With interactive TV, restaurant delivery was just clicks away
Set-top box also promised movies on demand in 1995
Food delivery apps and on-demand movies had to start somewhere. In Dartmouth, N.S., that place was called the TeleVillage.
An initiative of the regional telephone company MT&T, it was tested in 1995 in 120 suburban homes that had been specially wired to enable it.
"Welcome to MT&T's TeleVillage," said a robotic woman's voice as a TV displayed a screen with a graphic of a car on a road leading to a distant collection of buildings.
A menu listed what lay within.
All your needs covered
The menu boasted eight options. Like any village, this one included a theatre, food, shopping, and banking.
"From this main menu you'll be able to travel to a variety of sites around the village without ever leaving your home," the voice continued.
Reporter Paul Riley, with CBC Halifax's 1st Edition, was getting a demo.
"It's interactive television, which moves television from being passive where you just sit and watch it," said MT&T's David Murphy. "You can ... actually use the television to communicate."
Riley said the essential equipment was a small grey box that sat atop the TV and an infrared remote, to give access to various services such as...
Movies for $3.95 ... each
"On-demand movies," said Murphy, navigating to a menu of seven movies.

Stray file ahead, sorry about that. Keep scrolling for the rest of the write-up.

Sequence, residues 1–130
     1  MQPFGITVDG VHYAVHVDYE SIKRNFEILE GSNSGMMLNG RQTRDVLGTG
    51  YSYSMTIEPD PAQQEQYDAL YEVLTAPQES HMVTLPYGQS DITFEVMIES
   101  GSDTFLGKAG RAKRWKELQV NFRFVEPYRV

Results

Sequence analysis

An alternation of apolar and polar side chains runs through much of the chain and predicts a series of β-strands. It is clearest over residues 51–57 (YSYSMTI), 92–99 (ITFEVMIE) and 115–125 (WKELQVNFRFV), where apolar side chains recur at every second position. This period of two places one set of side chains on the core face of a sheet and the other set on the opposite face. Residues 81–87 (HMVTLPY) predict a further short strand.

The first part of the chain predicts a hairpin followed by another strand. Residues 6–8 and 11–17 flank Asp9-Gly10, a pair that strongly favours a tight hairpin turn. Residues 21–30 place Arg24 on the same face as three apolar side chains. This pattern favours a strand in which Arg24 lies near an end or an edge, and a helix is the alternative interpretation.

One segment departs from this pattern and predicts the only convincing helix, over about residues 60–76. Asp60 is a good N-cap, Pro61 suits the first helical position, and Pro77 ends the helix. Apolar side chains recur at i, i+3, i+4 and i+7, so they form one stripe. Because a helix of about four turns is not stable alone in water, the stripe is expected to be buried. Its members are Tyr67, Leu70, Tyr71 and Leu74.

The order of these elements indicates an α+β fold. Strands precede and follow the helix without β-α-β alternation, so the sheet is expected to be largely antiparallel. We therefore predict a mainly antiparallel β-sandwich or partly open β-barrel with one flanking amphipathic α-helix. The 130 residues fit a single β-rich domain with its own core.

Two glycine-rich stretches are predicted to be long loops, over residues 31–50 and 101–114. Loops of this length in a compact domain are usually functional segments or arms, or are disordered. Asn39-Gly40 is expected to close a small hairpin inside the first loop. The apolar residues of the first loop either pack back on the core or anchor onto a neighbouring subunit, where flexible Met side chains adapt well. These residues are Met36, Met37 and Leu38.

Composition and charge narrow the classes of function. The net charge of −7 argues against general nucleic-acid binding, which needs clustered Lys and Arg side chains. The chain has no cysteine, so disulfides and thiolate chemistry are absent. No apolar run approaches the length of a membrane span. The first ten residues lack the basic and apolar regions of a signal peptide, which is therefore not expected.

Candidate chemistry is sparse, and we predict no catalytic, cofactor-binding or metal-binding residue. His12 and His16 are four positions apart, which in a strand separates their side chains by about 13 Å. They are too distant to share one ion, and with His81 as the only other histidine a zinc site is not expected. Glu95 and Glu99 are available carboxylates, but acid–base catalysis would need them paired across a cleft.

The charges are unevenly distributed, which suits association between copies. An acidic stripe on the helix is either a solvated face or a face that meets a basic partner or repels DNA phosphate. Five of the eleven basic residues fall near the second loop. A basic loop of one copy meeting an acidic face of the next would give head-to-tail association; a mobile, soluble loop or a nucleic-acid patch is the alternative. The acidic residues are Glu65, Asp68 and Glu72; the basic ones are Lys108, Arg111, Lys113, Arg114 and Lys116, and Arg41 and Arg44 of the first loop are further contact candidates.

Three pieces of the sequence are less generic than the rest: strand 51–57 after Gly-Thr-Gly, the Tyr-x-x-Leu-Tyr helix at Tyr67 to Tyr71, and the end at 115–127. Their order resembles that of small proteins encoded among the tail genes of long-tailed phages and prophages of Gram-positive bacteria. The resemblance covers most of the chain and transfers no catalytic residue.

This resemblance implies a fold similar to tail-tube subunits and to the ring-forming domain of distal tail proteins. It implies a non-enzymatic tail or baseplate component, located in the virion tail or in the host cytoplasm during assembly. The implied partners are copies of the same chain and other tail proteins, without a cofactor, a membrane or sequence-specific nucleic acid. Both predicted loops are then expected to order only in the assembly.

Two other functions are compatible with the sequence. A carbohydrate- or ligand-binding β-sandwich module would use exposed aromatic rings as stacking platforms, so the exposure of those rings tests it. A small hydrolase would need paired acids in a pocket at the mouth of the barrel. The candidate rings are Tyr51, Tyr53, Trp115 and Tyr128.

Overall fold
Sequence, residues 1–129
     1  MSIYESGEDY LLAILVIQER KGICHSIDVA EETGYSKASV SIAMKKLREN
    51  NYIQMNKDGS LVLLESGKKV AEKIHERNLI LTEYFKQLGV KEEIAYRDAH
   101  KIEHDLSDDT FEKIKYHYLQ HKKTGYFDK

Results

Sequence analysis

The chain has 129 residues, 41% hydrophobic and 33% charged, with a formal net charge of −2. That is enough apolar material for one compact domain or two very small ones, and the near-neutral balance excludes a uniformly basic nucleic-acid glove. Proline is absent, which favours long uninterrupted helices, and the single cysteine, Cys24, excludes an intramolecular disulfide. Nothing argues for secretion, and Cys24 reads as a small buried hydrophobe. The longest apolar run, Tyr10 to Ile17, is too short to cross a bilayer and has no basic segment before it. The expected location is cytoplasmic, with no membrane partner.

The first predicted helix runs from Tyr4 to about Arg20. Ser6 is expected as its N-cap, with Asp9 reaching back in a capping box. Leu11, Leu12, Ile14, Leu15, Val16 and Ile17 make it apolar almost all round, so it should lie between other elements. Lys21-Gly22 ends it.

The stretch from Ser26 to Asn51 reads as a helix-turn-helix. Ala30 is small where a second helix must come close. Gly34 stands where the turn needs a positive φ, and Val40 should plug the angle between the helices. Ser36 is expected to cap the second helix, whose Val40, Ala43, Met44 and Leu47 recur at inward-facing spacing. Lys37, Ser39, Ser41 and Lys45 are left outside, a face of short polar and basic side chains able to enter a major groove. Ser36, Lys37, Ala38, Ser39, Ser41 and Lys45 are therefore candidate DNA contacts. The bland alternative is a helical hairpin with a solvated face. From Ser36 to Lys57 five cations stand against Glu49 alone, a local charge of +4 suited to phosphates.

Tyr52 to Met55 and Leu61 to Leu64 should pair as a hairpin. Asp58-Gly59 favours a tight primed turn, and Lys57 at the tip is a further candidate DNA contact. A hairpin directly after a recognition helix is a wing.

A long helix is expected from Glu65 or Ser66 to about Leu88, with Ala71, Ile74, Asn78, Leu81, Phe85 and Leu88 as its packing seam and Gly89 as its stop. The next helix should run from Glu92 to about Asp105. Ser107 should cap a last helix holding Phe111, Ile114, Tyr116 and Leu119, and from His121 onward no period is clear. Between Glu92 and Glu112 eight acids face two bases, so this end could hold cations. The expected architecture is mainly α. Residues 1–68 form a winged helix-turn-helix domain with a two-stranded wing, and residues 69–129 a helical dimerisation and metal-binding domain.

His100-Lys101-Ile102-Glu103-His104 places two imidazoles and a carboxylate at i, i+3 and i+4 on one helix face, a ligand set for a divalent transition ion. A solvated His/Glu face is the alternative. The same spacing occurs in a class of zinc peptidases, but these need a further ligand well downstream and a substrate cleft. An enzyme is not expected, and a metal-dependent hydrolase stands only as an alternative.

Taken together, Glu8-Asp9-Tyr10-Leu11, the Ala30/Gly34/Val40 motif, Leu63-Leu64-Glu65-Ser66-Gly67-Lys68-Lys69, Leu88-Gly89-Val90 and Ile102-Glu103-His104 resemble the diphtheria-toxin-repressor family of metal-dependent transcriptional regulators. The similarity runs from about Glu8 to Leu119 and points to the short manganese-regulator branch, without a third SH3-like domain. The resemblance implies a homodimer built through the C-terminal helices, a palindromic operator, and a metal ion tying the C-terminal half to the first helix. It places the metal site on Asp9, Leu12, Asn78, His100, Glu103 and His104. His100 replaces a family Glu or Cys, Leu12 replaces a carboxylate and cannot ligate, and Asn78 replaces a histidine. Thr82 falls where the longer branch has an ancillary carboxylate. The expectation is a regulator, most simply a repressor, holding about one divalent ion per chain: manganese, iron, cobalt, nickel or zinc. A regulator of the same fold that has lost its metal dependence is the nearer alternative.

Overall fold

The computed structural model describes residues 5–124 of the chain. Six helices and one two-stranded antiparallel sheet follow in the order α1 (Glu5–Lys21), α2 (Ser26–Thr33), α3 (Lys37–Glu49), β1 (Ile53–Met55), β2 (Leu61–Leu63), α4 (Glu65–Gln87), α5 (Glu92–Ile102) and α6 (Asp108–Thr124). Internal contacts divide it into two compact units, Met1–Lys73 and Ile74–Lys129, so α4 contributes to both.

Among them was the Michael Keaton vehicle The Paper and the Italian comedy Silence of the Hams, which the website Rotten Tomatoes gives a 0% rating and describes as "an episodic parody of classic thrillers and horror movies."
Three of the movies were free, but the other four listed would each cost $3.95 to rent.
"Rather than having a certain timing for the movie, it's whenever you want to watch it," said Murphy.
From the screen to your door
There was also a restaurant in the TeleVillage.
"Right now we've got Greco Pizza," said Murphy. "Everything that's available on the Greco menu is available through the TV."
The menu took Murphy through the process of ordering a pizza and offered the option of pickup or delivery.
Riley seemed incredulous of the whole system.
"Basically you're telling us people are not ever going to have to leave their homes," he said.
The menu even showed an "audio jukebox," but that wasn't explored or explained further.
"I won't say that," said Murphy. "I think it frees you up for other pursuits outside."
In the meantime, said Riley, it was going to be "five to ten" years before on-demand movies and ordering food via screen became more widespread.